Because of the potential for serious adverse reactions in a breastfed infant, including tumorigenicity, advise lactating patients that breast-feeding is not recommended while they are receiving teduglutide. There is no information regarding the presence of teduglutide in human milk, the effects on the breastfed infant, or the effects of the drug on milk production. Systemic exposure of teduglutide to a breastfed infant is expected to be low. Teduglutide is present in the milk of lactating rats. The maximum concentration of teduglutide in the rat milk corresponded to 0.9% and 2.9% of the plasma concentration at 1.5 and 4 hours after dosing, respectively. However, these data may not be reflective of human use due to differences in lactation physiology.[52779]

    MECHANISM OF ACTION

    Teduglutide is an analog of naturally occurring human glucagon-like peptide-2 (GLP-2), a peptide secreted by L-cells of the distal intestine in response to a meal. GLP-2 is known to increase intestinal and portal blood flow, inhibit gastric acid secretion, and decrease gastric motility. GLP-2 appears to induce its effects most readily in the small bowel; however high doses may elicit changes in the colon as well. GLP-2 induces proliferation of the small bowel mucosa by stimulating crypt compartment cell proliferation and inhibiting apoptosis of enterocytes. Small bowel villus height and diameter are also increased; these trophic actions increase the surface area of the small intestine allowing for increased absorption of nutrients. Teduglutide binds to the glucagon-like peptide-2 receptors located in intestinal subpopulations of enteroendocrine cells, subepithelial myofibroblasts and enteric neurons of the submucosal and myenteric plexus. Activation of these receptors results in the local release of multiple mediators including insulin-like growth factor (IGF)-1, nitric oxide and keratinocyte growth factor (KGF).

    PHARMACOKINETICS

    Teduglutide is given via subcutaneous administration. In healthy subjects, teduglutide has a volume of distribution (103 mL/kg) similar to blood volume. Although the metabolic pathway of teduglutide has not been studied in humans, teduglutide is expected to be degraded into small peptides and amino acids via catabolic pathways, similar to the catabolism of endogenous GLP-2. The plasma clearance of teduglutide in healthy subjects was approximately 123 mL/hour/kg, which is similar to the GFR suggesting that teduglutide is primarily cleared by the kidney. The mean terminal half-life of teduglutide is approximately 2 hours in healthy subjects and 1.3 hours in patients with short bowel syndrome (SBS).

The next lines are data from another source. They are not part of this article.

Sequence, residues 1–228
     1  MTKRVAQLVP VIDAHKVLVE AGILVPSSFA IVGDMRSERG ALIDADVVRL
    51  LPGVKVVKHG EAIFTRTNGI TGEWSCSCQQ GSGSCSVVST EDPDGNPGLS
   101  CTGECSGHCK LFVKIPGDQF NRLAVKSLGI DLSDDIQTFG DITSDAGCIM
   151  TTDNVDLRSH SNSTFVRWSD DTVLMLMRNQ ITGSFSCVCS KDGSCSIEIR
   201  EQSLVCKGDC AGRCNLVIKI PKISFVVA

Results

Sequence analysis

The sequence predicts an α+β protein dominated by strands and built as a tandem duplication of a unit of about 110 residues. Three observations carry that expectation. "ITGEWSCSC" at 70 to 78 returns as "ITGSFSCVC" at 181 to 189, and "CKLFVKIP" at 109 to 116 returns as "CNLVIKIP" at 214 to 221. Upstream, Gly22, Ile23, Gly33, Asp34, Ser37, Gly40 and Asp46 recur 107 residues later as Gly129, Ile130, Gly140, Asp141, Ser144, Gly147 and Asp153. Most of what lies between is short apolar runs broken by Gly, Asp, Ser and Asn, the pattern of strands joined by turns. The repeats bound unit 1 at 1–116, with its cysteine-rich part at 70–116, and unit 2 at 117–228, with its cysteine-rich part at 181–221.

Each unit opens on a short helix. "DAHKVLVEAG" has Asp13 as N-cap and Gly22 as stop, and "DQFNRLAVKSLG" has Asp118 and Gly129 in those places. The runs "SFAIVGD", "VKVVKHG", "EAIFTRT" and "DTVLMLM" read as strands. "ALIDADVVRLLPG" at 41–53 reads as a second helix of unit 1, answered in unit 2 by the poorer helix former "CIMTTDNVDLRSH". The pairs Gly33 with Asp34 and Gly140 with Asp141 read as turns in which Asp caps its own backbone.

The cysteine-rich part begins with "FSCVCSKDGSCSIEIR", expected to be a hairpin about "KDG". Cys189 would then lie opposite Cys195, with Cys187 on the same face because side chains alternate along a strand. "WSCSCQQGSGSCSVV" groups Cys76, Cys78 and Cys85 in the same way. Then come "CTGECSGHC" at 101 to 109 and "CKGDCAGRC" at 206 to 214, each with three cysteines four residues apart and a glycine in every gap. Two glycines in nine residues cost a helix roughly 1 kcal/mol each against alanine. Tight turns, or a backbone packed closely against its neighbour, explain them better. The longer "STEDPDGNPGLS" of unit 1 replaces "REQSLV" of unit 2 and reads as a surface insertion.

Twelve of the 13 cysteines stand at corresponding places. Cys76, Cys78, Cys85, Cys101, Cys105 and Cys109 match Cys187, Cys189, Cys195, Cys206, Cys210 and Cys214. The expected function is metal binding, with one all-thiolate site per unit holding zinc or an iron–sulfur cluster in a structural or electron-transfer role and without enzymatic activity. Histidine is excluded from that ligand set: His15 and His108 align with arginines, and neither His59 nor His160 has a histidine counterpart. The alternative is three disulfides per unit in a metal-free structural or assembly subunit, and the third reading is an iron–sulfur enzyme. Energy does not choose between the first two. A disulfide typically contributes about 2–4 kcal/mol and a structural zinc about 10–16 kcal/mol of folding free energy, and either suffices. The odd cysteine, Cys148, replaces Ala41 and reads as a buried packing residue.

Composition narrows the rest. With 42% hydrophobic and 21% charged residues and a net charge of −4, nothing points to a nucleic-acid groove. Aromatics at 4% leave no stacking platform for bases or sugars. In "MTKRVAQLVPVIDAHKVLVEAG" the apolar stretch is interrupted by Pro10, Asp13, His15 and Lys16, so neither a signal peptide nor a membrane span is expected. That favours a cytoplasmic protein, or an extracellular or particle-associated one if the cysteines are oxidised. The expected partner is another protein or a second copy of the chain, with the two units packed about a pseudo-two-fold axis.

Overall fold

In a dose-ranging study of 17 adults with SBS, the ability of teduglutide to improve intestinal absorption was assessed using daily subcutaneous doses of 0.03, 0.10, 0.15 mg/kg (n = 2 to 3 per dose group) over 21 days. All doses studied, except 0.03 mg/kg once daily, resulted in enhanced gastrointestinal fluid (wet weight) absorption of approximately 750 to 1,000 mL/day, and increased villus height and crypt depth of the intestinal mucosa.

    Subcutaneous Route

    In healthy subjects, subcutaneous administration of teduglutide had an absolute bioavailability of 88% and reached maximum plasma concentrations at 3 to 5 hours after administration. After a 0.05 mg/kg subcutaneous dose in patients with SBS, the median peak concentration (Cmax) was 36 ng/mL and the median area under the curve (AUC) was 0.15 mcg x hour/mL. No accumulation of teduglutide was observed after repeated subcutaneous administrations. The Cmax and AUC of teduglutide was dose proportional over the dose range of 0.05 to 0.4 mg/kg.